Metro-east residents were upset Saturday because a train rolled through tracks that have not been used for a long time, and the crossing arms had been removed from the signals.
The O’Fallon Police Department called the CSX Corp. after a train went through O’Fallon about 7:30 a.m.
“We contacted CSX, who advised that although the tracks are out of service for normal usage, there may be times when they are used. In those events the train will slow/stop and other CSX personnel will manually block the tracks. Officers confirmed this is what occurred, as CSX had flares out, as well as personnel stopping traffic as the train cleared the crossings,” the O’Fallon Police Department reported on its Facebook page.
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Rob Doolittle, a spokesman for CSX based in Jacksonville, Fla., confirmed that employees were asked to monitor crossings and flares were put out to alert motorists in the metro-east.
“Residents’ safety is our highest priority,” Doolittle said.
A second announcement from the O’Fallon Police Department said that CSX may have trains in the area for the next two weeks with a train about every other day. The company said the train cars are being moved “out east for storage.”
Doolittle did not have the upcoming schedule for CSX trains in the area.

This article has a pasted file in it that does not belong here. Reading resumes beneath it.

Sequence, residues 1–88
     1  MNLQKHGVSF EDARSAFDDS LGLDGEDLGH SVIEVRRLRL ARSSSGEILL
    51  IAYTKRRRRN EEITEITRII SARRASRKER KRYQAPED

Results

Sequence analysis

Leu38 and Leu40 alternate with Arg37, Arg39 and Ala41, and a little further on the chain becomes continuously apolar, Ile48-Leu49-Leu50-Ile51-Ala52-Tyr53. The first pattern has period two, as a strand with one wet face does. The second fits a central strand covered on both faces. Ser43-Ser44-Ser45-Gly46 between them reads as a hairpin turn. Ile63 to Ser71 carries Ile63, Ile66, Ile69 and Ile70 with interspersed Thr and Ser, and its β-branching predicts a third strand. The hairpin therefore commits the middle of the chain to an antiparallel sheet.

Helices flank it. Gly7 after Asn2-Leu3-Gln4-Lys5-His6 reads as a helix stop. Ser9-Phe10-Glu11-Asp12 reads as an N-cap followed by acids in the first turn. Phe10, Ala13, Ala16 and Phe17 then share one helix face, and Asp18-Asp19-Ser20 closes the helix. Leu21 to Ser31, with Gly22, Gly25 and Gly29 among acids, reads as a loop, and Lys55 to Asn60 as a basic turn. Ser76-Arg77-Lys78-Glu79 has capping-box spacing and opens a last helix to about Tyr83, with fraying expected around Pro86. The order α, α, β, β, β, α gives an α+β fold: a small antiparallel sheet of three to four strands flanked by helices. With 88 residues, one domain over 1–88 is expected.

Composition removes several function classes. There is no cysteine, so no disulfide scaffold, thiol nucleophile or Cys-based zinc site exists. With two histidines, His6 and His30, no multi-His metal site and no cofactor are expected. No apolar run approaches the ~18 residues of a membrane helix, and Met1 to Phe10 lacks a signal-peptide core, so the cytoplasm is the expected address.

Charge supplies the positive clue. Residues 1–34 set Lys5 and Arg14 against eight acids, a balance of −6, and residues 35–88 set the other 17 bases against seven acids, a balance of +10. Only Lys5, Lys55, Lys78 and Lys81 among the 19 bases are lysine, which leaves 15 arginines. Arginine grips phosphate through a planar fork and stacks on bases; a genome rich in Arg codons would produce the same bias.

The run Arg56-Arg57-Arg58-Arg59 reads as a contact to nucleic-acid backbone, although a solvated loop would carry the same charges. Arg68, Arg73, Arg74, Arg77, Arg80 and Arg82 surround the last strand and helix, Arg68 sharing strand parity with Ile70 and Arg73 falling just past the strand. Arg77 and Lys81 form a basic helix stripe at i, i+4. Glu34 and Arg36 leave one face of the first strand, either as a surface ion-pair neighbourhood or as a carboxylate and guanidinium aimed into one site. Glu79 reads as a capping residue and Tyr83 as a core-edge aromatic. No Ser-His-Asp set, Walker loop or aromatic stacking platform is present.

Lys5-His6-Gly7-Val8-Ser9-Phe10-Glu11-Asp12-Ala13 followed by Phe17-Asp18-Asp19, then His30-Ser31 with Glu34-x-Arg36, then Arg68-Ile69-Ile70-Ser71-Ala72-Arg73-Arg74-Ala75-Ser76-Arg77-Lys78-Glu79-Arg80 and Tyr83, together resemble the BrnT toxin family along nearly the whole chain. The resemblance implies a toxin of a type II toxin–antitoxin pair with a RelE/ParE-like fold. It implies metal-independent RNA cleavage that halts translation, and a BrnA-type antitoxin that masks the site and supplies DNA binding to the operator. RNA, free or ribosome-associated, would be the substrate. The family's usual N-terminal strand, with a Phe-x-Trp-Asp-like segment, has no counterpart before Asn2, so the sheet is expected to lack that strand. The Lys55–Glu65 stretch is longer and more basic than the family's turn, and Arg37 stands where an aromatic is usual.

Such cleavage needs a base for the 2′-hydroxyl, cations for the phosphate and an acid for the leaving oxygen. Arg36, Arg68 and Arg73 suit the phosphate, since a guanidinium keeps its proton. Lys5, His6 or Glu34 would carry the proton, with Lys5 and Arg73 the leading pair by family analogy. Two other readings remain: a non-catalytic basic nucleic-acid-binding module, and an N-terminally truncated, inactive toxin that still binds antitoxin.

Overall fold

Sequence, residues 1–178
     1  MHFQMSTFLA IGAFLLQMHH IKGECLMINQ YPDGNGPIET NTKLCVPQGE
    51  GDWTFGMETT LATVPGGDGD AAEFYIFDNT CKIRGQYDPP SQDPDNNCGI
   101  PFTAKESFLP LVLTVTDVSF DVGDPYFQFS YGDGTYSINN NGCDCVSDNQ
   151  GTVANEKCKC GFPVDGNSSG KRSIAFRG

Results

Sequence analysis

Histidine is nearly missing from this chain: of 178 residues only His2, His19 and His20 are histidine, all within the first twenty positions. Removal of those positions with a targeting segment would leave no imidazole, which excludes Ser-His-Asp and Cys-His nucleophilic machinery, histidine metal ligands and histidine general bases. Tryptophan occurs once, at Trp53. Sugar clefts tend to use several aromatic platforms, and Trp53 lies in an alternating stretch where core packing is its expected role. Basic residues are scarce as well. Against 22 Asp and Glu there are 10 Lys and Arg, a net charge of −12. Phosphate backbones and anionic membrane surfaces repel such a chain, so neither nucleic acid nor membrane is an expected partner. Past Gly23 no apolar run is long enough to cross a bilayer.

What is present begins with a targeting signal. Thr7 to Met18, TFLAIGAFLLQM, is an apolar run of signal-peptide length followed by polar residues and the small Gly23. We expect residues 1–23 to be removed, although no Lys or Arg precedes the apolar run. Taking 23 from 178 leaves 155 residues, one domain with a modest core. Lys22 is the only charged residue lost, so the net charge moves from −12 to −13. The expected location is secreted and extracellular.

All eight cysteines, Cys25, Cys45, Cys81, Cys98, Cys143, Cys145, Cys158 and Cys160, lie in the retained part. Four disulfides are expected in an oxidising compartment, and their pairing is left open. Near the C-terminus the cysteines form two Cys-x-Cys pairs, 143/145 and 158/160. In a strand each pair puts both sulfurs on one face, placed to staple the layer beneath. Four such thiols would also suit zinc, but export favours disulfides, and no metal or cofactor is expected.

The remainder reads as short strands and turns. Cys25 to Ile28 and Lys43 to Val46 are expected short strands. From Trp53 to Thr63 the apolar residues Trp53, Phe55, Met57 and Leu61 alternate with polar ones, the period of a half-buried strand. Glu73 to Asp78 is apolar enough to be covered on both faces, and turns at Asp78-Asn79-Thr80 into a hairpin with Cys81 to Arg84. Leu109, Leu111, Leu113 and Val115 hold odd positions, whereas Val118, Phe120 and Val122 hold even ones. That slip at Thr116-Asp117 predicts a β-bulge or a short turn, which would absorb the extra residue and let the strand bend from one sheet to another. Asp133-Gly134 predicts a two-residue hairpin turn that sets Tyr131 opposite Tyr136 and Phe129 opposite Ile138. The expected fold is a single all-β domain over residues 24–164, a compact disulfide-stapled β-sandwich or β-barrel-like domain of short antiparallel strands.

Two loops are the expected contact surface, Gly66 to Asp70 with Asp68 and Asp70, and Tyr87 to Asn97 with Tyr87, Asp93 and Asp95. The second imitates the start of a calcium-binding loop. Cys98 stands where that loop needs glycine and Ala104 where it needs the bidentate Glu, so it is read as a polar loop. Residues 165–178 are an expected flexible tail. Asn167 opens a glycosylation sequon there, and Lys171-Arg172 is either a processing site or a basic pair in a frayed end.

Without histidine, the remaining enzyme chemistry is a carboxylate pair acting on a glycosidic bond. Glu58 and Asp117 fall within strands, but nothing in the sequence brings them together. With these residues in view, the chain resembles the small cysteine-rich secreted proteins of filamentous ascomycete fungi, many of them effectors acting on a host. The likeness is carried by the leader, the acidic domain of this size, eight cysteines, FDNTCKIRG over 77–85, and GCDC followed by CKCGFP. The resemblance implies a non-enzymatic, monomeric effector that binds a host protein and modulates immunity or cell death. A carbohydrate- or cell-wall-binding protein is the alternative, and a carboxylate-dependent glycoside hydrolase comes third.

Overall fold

Dan Davis, of Mascoutah, spotted a train crossing Main Street in Summerfield at 10:40 a.m. on tracks that had not been used in several months. His video and photographs show that the crossing arm has been removed from the signals.
“I am concerned because I have two grandchildren living in Summerfield who cross the tracks to go to the village park,” Davis said in a statement to the News-Democrat.
A flare had been placed on the roadway in front of the railroad track crossing as the train went through Summerfield.
Davis said he remembers seeing signs on the tracks that said “tracks out of service.” But he said those signs were not present Saturday morning.
I am concerned because I have two grandchildren living in Summerfield who cross the tracks to go to the village park.
Dan Davis of Mascoutah
Several O’Fallon residents responded to the police department’s Facebook announcement and commented that residents should have been warned about the trains and that all signal arms should be activated.
The Venita Drive overpass over CSX tracks in O’Fallon cost nearly $7 million and opened in O’Fallon in July 2015. A month later, trains stopped using the tracks.
CSX has told the federal government it is not abandoning its tracks in the metro-east but is discontinuing regular use of the tracks.